Yankees lowered spending, still hit with $18 million luxury tax
The New York Yankees lowered spending on players by $12 million this year, cutting payroll by $5 million and slashing their major league-leading luxury tax by more than $7 million. New York was hit with an $18 million luxury tax Tuesday by Major League Baseball. The tax was New York's lowest since 2003 and down from $25.7 million last year, when the Yankees won the World Series.
"Atta baby. And right now we're in the $170s," Yankees General Manager Brian Cashman said, looking ahead to his 2011 payroll.
Season-ending payroll information and the tax was sent to teams Tuesday and obtained by The Associated Press.
Boston is the only other team that will have to pay. The Red Sox, who missed the playoffs this year, exceeded the payroll threshold for the first time since 2007 and owe $1.49 million. According to the collective bargaining agreement, the Yankees and Red Sox must send checks to the commissioner's office by Jan. 31.
Since the current tax began in 2003, the Yankees have run up a bill of $192.2 million. The only other teams to pay are Boston ($15.34 million), Detroit ($1.3 million) and the Los Angeles Angels ($927,000). New York's payroll was $215.1 million for the purpose of the luxury tax, down from $226.2 million, and the Yankees pay at a 40 percent rate for the amount over the threshold, which rose from $162 million to $170 million. Boston's luxury-tax payroll was $176.6 million, and the Red Sox pay at a 22.5 percent rate.
"We're doing a better job of managing our payroll and managing our decision-making as we enter the free-agent market," Cashman said. "Our payroll doesn't necessarily have to live at that level, but it's nice to know that our owners are committed to allow us to get there if we need to."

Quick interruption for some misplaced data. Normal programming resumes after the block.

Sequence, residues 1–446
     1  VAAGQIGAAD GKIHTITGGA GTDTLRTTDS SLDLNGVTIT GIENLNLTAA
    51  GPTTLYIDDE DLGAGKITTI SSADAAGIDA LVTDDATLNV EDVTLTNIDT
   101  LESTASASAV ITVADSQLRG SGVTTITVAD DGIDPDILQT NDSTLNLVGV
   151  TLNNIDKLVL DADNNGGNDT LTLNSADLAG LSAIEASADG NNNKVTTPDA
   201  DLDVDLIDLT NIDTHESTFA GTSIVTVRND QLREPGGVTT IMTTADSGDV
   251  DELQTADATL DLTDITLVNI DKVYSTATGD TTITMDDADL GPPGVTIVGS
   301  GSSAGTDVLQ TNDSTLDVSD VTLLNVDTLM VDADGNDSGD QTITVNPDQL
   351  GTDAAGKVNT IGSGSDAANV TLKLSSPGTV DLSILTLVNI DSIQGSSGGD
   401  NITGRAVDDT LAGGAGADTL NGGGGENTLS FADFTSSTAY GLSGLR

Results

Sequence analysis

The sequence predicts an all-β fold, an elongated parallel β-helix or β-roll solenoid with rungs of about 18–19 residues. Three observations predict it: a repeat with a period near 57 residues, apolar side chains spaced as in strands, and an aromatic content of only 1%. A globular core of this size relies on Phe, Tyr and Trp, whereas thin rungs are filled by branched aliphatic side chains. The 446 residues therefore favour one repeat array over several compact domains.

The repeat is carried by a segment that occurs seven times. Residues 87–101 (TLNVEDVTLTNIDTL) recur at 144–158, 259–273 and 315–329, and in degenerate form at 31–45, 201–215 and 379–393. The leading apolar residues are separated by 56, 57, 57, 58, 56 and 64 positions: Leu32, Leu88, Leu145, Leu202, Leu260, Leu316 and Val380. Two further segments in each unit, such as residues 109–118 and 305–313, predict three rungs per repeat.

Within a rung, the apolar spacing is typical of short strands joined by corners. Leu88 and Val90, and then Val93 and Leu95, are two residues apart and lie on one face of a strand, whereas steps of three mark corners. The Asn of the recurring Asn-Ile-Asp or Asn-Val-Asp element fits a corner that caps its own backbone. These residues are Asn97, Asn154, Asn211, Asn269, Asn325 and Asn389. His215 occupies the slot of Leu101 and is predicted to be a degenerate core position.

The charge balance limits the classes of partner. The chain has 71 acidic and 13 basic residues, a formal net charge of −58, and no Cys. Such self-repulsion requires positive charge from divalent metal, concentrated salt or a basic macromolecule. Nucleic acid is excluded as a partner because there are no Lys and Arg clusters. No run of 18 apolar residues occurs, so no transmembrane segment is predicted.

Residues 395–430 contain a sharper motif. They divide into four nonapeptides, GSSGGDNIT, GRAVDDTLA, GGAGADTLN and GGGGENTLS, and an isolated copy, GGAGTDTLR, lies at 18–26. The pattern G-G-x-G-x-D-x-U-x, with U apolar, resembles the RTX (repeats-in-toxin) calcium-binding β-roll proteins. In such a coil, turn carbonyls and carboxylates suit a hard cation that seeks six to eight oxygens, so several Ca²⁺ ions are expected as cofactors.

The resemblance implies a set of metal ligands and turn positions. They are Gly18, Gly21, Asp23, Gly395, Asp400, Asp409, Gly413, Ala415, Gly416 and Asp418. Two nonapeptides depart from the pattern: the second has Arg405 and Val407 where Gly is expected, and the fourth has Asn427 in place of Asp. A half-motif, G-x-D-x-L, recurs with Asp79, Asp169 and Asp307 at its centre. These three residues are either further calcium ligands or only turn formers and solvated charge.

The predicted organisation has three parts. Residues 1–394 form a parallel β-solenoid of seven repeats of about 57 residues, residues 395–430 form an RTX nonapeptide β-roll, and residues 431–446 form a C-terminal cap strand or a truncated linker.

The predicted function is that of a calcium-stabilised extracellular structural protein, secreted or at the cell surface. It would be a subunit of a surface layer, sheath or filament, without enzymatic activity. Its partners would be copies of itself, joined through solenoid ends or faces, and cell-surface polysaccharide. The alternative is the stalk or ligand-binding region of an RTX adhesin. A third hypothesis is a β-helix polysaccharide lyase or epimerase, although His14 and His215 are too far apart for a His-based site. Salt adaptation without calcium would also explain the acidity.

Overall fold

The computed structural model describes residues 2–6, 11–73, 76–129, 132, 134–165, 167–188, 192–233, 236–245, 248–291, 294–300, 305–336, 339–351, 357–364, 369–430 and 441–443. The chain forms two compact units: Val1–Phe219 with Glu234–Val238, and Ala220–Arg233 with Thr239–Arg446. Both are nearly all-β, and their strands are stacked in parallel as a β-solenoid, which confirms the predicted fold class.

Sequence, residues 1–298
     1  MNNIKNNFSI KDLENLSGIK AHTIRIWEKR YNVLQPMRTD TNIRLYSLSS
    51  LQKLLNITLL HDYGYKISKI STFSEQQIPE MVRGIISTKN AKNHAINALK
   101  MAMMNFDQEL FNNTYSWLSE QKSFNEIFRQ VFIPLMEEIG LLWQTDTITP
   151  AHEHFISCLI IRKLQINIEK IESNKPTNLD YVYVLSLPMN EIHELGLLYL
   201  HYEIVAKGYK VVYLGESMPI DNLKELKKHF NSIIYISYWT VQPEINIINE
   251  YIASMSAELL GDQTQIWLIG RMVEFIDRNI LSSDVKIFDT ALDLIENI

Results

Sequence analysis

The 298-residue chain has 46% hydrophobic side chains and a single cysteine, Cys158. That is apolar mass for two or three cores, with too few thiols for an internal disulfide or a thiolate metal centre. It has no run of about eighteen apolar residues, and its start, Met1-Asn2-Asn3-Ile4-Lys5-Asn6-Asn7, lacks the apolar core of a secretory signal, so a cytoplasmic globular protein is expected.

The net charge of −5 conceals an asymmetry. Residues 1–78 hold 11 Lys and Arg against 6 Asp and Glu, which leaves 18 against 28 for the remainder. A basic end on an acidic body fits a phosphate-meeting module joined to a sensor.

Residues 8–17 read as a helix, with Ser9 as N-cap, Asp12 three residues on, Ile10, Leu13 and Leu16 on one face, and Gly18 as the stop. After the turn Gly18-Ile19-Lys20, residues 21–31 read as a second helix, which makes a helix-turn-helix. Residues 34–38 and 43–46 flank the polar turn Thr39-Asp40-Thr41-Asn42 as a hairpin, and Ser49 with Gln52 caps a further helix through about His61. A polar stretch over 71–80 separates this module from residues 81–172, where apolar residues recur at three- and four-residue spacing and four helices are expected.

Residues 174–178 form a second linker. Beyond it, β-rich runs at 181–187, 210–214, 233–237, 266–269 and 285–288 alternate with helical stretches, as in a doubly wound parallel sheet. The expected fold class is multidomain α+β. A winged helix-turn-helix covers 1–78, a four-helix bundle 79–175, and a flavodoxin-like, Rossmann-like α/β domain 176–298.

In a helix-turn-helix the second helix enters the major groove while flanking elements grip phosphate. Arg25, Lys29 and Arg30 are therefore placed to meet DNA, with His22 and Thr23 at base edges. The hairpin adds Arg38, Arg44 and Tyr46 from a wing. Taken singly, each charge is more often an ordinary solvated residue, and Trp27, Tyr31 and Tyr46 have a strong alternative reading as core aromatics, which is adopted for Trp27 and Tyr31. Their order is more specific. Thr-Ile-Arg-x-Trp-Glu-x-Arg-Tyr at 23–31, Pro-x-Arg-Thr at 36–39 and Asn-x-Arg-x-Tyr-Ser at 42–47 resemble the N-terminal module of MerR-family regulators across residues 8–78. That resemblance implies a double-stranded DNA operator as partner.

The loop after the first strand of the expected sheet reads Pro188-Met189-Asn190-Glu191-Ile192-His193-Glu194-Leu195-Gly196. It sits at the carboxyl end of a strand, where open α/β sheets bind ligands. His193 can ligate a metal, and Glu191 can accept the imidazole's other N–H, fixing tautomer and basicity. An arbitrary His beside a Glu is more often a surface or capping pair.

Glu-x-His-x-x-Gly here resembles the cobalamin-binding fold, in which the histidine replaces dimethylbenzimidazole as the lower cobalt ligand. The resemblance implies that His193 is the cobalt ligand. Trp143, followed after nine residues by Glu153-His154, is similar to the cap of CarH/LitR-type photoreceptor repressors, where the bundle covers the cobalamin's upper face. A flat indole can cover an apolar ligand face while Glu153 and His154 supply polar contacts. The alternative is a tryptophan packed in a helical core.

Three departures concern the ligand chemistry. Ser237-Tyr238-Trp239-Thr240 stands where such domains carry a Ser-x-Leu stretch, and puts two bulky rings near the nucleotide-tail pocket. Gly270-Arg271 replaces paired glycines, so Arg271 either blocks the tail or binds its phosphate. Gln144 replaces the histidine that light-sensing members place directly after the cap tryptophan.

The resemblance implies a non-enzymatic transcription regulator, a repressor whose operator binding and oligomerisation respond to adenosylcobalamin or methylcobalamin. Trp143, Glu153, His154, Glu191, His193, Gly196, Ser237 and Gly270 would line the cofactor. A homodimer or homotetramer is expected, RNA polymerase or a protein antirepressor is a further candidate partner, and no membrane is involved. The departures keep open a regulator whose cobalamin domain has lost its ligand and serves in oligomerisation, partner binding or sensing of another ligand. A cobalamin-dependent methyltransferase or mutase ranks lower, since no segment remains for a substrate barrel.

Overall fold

Boston's payroll rose by $30.2 million to $170.7 million. The $44.4 million between the Yankees and Red Sox was larger than the payrolls of San Diego ($43.7 million) and Pittsburgh ($44.1 million).
After moving into Target Field, Minnesota's payroll also went up by $30 million, leaving the Twins 10th in the majors at $103 million. Cincinnati increased its payroll by $9.8 million to $82.5 million.
■ The Mariners traded catcher Rob Johnson to the San Diego Padres for a player to be named later or cash considerations. Johnson was Seattle's opening day starter behind the plate in 2010 but his struggles at the plate eventually led to his demotion to Triple-A Tacoma. Johnson, 28, played in 61 games last season with Seattle, but hit just .191. He also struggled with an American League-high nine passed balls in less than a half-season.
■ Rich Harden is rejoining his first major-league team. The right-hander and the Athletics finalized a $1.5 million, one-year contract after he passed a physical. Harden went 5-5 with a 5.58 ERA last season for the AL champion Texas Rangers.
Linares to return as Legends manager
The Houston Astros announced that Rodney Linares, who managed the Lexington Legends last season, will return for the 2011 season. He'll be joined by hitting coach Joel Chimelis, pitching coach Dave Borkowski and trainer Grant Hufford. Former Legends pitching coach Charley Taylor rejoined the Astros' minor-league staff in a full-time position after missing most of the last two seasons while fighting cancer. Taylor's health has improved significantly, and he will work with the Astros' Gulf Coast League team as well as other Astros' minor-league pitchers. Taylor served as the Legends' pitching coach from 2001 through 2008.
Orton says he needs knee surgery
Orlando Magic rookie Daniel Orton told the Orlando Sentinel before Tuesday's game against the Dallas Mavericks that he likely will have arthroscopic surgery on his left knee within the next week to repair cartilage damage. Orton, who played one season at the University of Kentucky, originally injured the knee in high school and hurt it again during a recent NBA Development League stint. He said he's been told he'll probably be out until the All-Star break in mid-February.